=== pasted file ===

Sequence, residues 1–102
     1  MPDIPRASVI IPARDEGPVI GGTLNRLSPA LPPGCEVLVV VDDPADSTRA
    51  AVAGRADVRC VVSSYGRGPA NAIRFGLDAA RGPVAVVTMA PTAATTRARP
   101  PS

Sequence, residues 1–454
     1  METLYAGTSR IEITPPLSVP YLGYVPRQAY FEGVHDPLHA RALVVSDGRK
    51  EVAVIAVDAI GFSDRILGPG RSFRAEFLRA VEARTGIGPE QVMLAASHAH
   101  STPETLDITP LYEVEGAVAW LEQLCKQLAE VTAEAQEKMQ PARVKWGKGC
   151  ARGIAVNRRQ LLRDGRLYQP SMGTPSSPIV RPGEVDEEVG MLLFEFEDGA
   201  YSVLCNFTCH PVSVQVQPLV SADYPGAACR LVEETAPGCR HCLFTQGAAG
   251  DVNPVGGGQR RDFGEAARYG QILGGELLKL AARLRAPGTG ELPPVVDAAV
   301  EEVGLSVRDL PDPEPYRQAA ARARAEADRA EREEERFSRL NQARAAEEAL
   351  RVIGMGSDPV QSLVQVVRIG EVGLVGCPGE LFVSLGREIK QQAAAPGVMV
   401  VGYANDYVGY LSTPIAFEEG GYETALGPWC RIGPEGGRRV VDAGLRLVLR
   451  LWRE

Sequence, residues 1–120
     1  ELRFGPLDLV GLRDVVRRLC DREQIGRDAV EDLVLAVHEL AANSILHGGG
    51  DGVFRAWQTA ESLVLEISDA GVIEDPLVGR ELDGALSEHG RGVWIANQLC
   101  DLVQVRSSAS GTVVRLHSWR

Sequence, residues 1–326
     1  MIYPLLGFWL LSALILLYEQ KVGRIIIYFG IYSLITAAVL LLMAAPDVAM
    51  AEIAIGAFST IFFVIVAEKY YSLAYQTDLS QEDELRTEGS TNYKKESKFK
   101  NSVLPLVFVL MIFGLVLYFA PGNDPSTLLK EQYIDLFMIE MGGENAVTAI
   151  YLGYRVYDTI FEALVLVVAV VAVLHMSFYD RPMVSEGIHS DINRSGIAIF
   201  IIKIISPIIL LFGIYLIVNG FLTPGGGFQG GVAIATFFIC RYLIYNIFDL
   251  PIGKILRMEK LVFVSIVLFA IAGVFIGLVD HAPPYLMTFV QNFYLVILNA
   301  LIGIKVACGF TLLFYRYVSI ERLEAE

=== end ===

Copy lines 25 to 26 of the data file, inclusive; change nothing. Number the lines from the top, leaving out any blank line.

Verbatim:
   201  IIKIISPIIL LFGIYLIVNG FLTPGGGFQG GVAIATFFIC RYLIYNIFDL
   251  PIGKILRMEK LVFVSIVLFA IAGVFIGLVD HAPPYLMTFV QNFYLVILNA